Canada drops in UN communications technology ranking
Canada's reputation as a leader in information and communications technology took a hit Monday after it dropped out of a United Nations report's rankings of the top 10 most developed countries.
Canada is ranked 19th out of 154 countries according to how advanced its use of information and communications technology (ICT) is, a drop of 10 places from ninth in 2002, according to the Geneva-based International Telecommunication Union.
The ranking was based on a number of factors, including the number of citizens per 100 who had fixed line and mobile cellular phones and accessed internet, broadband internet and mobile broadband services. It also considered the amount of bandwidth available per internet user, the proportion of households with computers and internet access, and the literacy and education levels of a country's population.
Sweden ranked first in the 106-page report, followed by South Korea. The remaining countries in the top 10 were all from Western Europe: Denmark, the Netherlands, Iceland, Norway, Luxembourg, Switzerland, Finland and the United Kingdom.
U.S. also drops in standing
Canada was the only country in the top 10 in 2002 to not make the cut in 2007, but it wasn't the only country to see a drop in standing. The United States also dropped from 11th to 17th.
The report says both countries suffered in the standings because of the gains made in Europe.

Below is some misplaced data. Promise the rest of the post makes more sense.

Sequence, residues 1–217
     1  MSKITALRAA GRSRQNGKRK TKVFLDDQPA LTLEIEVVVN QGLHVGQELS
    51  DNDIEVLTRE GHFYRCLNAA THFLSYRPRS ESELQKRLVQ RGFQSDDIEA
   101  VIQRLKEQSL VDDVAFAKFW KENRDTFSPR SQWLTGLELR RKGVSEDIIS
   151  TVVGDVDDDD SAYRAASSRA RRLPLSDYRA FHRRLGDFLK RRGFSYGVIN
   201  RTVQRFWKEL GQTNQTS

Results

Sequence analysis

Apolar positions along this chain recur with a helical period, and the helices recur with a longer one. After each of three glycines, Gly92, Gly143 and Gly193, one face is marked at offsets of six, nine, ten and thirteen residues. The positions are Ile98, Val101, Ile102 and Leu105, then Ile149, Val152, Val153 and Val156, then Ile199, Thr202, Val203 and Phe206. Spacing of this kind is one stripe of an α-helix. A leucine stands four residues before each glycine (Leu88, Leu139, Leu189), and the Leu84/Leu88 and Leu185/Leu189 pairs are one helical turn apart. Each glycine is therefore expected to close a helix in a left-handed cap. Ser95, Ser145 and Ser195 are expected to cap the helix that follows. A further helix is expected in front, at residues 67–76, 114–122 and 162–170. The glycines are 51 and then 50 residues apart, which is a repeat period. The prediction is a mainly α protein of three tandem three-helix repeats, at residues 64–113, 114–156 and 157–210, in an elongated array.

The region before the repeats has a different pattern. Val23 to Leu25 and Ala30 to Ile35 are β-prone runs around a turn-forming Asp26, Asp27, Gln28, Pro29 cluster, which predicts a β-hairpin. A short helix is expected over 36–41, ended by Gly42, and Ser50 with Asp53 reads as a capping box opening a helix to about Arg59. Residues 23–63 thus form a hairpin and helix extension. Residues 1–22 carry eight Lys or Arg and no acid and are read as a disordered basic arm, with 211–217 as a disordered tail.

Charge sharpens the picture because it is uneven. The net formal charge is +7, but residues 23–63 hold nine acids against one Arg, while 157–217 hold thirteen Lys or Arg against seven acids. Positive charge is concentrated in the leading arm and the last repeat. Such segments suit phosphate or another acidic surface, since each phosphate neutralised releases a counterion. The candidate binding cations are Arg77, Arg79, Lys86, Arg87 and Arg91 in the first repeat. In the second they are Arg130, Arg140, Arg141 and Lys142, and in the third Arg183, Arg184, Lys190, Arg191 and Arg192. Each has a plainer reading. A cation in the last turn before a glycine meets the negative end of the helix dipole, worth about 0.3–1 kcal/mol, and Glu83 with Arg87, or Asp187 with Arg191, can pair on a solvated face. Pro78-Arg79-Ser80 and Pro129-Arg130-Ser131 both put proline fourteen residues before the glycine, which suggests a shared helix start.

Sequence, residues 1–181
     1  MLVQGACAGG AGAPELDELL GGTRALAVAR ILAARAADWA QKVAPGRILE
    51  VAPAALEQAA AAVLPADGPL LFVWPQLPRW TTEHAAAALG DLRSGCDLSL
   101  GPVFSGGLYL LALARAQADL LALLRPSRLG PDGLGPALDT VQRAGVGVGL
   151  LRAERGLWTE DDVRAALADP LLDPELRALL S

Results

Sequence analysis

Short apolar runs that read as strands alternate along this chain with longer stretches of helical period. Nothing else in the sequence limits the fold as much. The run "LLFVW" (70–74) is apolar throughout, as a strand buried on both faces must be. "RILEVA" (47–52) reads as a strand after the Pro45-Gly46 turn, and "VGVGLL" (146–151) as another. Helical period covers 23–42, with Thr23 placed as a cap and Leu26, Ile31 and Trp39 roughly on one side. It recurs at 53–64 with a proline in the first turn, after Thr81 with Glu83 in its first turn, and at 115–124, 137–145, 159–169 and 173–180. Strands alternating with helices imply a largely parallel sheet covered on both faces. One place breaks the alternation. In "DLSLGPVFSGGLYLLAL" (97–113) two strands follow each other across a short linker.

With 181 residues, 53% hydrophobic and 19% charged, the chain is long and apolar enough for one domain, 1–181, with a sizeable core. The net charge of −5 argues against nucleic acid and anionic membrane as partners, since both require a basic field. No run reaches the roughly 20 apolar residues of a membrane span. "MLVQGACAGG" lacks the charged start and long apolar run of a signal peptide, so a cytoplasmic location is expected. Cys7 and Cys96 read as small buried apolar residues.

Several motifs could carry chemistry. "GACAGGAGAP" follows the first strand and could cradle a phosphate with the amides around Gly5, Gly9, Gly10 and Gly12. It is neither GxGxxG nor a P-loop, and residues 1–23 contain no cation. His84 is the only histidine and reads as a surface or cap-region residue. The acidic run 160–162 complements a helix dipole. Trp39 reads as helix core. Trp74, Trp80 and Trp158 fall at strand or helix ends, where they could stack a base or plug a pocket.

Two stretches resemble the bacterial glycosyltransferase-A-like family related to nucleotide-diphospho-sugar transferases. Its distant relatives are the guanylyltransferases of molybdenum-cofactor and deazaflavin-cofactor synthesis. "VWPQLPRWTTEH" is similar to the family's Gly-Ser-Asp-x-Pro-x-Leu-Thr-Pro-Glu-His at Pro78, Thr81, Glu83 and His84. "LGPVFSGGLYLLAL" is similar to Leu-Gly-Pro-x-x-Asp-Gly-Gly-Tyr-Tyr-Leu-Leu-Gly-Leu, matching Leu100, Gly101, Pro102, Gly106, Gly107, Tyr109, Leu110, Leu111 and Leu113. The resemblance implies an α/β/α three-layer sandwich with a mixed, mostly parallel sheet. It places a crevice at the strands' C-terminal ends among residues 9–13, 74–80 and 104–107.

"Similar to the U.S., Canada improved in both ICT access and usage, but less than other top countries," the report said.
The report pointed to a number of areas where Canada lagged behind other nations in 2007, in particular mobile cellular penetration and mobile broadband penetration.
Canada's mobile cellular penetration — or the number of mobile phone subscribers per 100 citizens — was 61.7 per cent in 2007, trailing North American neighbours United States (83.5 per cent) and Mexico (62.5 per cent).
Canada also saw its land-line telephone subscribers drop from 2002 to 2007, from 65.9 per 100 inhabitants to 55.5 per 100 inhabitants in 2007. The U.S. experienced a similar decline, from 65.3 subscribers per 100 inhabitants to 53.4.
Canada also ranked poorly in mobile broadband, with only 1.5 subscriptions per 100 inhabitants at the end of 2007. But as the authors noted, mobile broadband was in its infancy in Canada.
The report is one of several in recent years to report on Canada's dwindling status as an information and communications leader. Canada once ranked second to South Korea in 2002 in broadband penetration, but now ranks 10th, according to the latest OECD figures, in June.
A 2008 Nortel Networks Corp. report also found that Canada was the least connected country among 17 nations studied. The study measured on "hyperconnectivity," or how many devices and communications applications people in the workforce were using.
Cellphone landscape changing
Canada's mobile phone landscape could be in for changes in the coming years, however, as a number of new players — including Quebecor-owned Videotron Ltee. and Toronto-based Globalive Communications Corp. — purchased wireless spectrum in a federal auction last year with the intention of building their own cellphone networks.
As well, the federal government recently committed $225 million to encourage the development of broadband internet connections to rural and remote areas, though some critics have called the investment modest compared to other nations such as Australia and the United States.
Australia, for example, has committed to an ambitious $4.7-billion AU ($3.8 billion Cdn) plan to upgrade its broadband infrastructure, while the U.S. recent stimulus package includes $6 billion US in funding to stimulate broadband deployment across the U.S.